Questioning traditional citizenship: memory, identity and collective action in Chile

Sociology of citizenshipBy Simón Escoffier

In this post I contest traditional liberal conceptions of citizenship rooted in the nation-state and consider the role played by memory in the ways in which Santiago de Chile’s disenfranchised produce contentious politics.

I suggest that, by referring to the past in their meetings and conversations, local neighbourhood organisations in Santiago de Chile’s poor settlements (poblaciones) assert a particular, anti-hegemonic interpretation of history. Through stories, historical anecdotes, and different types of memorials, poor residents produce a neighbourhood identity, giving rise to innovative forms of community membership. Continue reading

The Future is Not What It Used to Be

­JF---FutureThe Future is Not What It Used to Be: Climate Change and Energy Scarcity, by ODID Associate Professor Joerg Friedrichs, was published by MIT Press in 2013 and received an honourable mention in the Society of Environmental Journalists’ (www.sej.org) 2014 Rachel Carson Environment Book Award category. SEJ is the world’s largest group of environmental writers and academic researchers who specialise in environmental communications.

Joerg spoke to Tom Henry, who edits the book section of SEJournal, SEJ’s quarterly magazine:

How did you identify the theme of the book and what motivated you to write it?

With all the knowledge around, and with all the arguments made back and forth in the climate controversy, I felt that there was a lack of serious thinking about what it all means for our way of life. True, there are apocalyptic scenarios about environmental mayhem, and others have taken a historical approach before me. But much of that literature is either purely academic or plainly alarmist, and I wanted to provide a sober evaluation of what we can say about future climate transformations based on analytical thinking and historical evidence. Continue reading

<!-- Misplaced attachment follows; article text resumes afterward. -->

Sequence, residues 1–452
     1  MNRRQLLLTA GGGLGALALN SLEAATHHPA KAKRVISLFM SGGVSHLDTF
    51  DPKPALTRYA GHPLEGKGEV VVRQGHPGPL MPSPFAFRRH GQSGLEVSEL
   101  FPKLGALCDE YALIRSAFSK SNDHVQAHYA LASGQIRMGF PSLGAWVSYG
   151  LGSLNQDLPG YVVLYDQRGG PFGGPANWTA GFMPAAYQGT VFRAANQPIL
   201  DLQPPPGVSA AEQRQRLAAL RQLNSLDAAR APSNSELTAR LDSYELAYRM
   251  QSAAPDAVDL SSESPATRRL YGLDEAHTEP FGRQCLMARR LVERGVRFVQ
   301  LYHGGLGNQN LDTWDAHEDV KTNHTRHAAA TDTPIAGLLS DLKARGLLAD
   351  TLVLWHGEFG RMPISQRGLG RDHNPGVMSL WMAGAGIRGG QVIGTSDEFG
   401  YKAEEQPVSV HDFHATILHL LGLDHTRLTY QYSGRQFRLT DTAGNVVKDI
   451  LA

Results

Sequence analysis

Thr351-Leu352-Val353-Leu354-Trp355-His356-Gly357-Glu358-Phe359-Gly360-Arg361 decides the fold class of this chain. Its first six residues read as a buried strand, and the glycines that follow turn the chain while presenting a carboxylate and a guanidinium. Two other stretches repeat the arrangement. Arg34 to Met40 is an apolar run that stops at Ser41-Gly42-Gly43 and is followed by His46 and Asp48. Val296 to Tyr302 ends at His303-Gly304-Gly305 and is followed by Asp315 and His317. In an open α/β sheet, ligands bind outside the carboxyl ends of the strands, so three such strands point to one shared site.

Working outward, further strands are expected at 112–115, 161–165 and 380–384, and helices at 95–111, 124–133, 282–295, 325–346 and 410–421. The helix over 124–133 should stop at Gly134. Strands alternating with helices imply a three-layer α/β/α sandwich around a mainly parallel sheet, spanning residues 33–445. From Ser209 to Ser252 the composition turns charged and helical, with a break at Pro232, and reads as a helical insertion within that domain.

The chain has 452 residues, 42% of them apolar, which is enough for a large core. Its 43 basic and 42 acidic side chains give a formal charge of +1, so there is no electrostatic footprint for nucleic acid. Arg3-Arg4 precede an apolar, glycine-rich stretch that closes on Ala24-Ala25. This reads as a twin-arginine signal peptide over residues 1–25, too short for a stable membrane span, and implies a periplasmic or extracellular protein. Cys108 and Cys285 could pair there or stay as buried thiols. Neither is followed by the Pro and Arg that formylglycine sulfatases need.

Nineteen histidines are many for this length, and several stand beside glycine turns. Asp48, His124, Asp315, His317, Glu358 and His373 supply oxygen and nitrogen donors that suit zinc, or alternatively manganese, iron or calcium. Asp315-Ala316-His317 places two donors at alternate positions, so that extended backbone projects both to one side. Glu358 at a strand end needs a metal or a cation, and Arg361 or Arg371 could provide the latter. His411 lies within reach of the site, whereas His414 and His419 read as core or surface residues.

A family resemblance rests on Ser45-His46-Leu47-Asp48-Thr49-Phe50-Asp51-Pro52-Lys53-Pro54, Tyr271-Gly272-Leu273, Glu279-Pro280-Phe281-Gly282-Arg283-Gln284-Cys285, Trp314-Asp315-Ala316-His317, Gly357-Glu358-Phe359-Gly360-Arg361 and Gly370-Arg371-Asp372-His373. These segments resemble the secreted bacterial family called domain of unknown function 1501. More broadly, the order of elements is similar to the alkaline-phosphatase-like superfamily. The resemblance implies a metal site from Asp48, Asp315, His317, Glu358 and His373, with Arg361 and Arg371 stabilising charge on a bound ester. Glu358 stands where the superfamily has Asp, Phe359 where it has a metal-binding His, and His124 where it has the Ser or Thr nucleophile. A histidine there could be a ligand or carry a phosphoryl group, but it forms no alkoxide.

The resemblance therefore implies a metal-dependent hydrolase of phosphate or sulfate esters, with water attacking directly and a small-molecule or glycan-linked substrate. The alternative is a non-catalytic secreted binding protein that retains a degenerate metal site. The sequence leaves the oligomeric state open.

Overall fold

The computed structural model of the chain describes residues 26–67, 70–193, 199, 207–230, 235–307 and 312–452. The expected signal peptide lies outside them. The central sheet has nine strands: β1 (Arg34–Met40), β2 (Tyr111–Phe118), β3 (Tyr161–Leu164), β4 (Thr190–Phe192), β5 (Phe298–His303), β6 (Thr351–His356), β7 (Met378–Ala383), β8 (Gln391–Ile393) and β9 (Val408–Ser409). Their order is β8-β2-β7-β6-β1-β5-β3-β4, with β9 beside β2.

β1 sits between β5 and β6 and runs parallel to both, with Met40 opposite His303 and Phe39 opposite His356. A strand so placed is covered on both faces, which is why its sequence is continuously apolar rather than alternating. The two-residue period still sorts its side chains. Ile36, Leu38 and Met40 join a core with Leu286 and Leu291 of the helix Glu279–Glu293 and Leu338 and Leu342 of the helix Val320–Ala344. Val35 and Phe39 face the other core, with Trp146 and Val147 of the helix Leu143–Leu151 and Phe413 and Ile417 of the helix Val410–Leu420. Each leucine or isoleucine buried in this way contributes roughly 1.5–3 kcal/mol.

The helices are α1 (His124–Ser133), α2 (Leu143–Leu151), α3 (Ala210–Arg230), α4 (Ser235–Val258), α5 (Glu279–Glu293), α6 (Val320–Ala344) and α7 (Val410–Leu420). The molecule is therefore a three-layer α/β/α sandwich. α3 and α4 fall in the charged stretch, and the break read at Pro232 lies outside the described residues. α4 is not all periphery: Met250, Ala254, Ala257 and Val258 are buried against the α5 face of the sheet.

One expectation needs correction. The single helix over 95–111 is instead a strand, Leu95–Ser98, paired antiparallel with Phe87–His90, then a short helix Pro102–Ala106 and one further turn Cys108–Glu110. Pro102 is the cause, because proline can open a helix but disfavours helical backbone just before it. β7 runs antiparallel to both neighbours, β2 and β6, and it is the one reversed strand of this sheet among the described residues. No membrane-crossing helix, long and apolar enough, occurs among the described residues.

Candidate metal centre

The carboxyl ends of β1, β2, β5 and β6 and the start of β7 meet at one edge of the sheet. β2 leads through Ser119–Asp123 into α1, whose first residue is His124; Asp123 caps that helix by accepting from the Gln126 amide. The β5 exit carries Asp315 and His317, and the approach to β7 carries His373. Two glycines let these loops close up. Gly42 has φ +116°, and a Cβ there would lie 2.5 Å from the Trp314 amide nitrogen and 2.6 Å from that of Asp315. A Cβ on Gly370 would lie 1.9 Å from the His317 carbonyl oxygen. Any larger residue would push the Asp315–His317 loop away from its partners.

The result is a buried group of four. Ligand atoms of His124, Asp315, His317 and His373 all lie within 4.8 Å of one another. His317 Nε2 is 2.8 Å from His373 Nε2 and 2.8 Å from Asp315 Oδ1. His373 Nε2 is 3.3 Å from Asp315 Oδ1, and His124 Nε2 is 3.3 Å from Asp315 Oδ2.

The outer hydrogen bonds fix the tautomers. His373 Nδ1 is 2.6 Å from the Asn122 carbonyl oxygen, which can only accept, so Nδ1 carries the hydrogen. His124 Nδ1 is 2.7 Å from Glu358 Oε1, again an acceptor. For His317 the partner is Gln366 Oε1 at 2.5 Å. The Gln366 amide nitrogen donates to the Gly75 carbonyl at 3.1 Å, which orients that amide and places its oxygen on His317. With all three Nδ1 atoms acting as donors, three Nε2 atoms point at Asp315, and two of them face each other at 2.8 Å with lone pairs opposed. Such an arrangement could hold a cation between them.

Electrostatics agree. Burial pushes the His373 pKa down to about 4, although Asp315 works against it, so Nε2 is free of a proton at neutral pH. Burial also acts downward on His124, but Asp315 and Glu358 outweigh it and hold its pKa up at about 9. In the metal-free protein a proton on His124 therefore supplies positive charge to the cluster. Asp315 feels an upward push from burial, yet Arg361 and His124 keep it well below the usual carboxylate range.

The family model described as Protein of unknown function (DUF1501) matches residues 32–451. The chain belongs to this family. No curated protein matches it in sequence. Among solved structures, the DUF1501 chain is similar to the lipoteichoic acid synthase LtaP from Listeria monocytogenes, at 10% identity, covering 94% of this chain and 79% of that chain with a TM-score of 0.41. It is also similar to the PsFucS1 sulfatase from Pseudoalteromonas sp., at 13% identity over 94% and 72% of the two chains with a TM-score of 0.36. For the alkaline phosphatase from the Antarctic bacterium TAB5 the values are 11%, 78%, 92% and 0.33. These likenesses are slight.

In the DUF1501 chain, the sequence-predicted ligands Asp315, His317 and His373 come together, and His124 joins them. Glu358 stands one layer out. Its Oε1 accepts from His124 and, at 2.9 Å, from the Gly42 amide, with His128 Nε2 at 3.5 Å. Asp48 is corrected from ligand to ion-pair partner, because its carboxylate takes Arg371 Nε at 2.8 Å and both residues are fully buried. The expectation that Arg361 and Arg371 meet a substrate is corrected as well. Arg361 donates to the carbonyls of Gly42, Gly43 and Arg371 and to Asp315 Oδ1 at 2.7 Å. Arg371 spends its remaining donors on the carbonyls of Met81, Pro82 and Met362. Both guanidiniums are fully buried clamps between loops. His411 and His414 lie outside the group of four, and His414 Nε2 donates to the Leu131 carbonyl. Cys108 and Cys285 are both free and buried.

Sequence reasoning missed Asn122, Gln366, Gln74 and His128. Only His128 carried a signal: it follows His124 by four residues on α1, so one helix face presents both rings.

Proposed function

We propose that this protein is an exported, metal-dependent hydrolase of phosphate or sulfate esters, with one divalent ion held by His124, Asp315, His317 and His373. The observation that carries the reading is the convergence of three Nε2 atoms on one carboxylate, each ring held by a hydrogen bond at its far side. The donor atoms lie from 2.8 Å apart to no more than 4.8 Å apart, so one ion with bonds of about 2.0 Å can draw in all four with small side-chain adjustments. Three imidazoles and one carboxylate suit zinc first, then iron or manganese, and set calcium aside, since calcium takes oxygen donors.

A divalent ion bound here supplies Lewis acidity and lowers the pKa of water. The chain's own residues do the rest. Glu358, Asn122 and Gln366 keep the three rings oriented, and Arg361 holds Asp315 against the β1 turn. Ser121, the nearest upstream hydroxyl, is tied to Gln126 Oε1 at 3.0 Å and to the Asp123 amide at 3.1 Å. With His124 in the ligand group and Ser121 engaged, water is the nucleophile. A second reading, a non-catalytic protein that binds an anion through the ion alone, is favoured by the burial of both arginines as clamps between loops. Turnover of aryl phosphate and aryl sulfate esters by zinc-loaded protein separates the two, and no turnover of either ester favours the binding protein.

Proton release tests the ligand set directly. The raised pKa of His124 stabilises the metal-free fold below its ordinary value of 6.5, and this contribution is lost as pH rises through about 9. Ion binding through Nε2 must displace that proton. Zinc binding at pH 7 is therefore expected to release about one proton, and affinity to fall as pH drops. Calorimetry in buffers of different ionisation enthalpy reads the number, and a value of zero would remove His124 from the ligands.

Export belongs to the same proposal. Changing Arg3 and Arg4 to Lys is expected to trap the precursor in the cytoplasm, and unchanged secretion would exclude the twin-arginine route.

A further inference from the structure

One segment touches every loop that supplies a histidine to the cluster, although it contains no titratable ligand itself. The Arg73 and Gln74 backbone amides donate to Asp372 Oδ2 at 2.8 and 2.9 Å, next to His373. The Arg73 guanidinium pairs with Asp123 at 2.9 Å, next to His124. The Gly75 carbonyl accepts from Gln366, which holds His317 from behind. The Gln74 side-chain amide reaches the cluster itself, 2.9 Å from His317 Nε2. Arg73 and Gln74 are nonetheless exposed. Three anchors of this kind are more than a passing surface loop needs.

Book Review: ‘Patronage as Politics in South Asia’ by Anastasia Piliavsky (ed)

Sociology of citizenshipBy Uday Chandra

Patronage, which may be defined as a hierarchical relationship based on mutual obligations, is often regarded today as an unwelcome anachronism. Although this volume resists any single definition, the word ‘patronage’ reminds us of feudal and slave-owning societies of the past, where a few enjoyed the rights of citizenship at the expense of the many. Liberal democracies in our world have no place for patrons or clients, we believe, because universal adult franchise makes everyone legally equal and sovereignty rests with the demos.

Yet modern democratic societies face a peculiar paradox: they must elect representatives who enact laws and make policies even as they maintain the fiction that they are just like us. The paradox of modern democracy has little to do with the level of inequality in society. Neither is it specific to cultural contexts in which democracy appears to be compromised, even distorted, by patron-client relations. Patronage is everywhere, as this refreshing new volume argues, and its workings in India, the world’s most populous democracy, push us to think of citizenship as vertically differentiated or hierarchical. Continue reading

A tale of twos: Two months, two new policies, two parts of the world

By John Hammock, Co-Founder and Director of Outreach, Oxford Poverty and Human Development InitiativeJohnHammock-for-web

What do Ho Chi Minh City and the country of Chile have in common? HCM is a city of 7.84 million people, a bustling metropolis, the economic nerve centre of Vietnam. Chile is a small, middle income country of 18 million on the other side of the globe. Worlds apart in culture, language, political systems, economics—they now share a common approach to dealing with persistent poverty. Both have adopted a new way to measure poverty—giving them the information to transform the way they focus resources to combat the problem.

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‘We are Sierra Leoneans, not Slaves’: Contesting Citizenship in Freetown

Sociology of citizenshipBy Luisa Enria

In the summer of 2013, Freetown’s King Jimmy Bridge collapsed. This was around a decade after the end of Sierra Leone’s civil war, and a year before the outbreak of the deadly Ebola virus; needless to say, the resulting deaths seemed barely newsworthy.

But King Jimmy Bridge, and the tunnels that it took down with it, had particular significance to the many young people who make a precarious living in the neighbouring streets’ vibrant informal economy. The tunnels bore the marks of the chains used to imprison the victims of the Atlantic slave trade, as passages to the Ocean they were about to cross. Before King Jimmy Bridge collapsed, the tunnels served as congregation spots for young people, where discussions ensued about their current predicaments and about the plight of the youthman in a country where high rates of youth unemployment have forced a generation into marginal and irregular income-generating activities. Continue reading

Plurinational citizenship in the making

Sociology of citizenshipBy Lorenza B. Fontana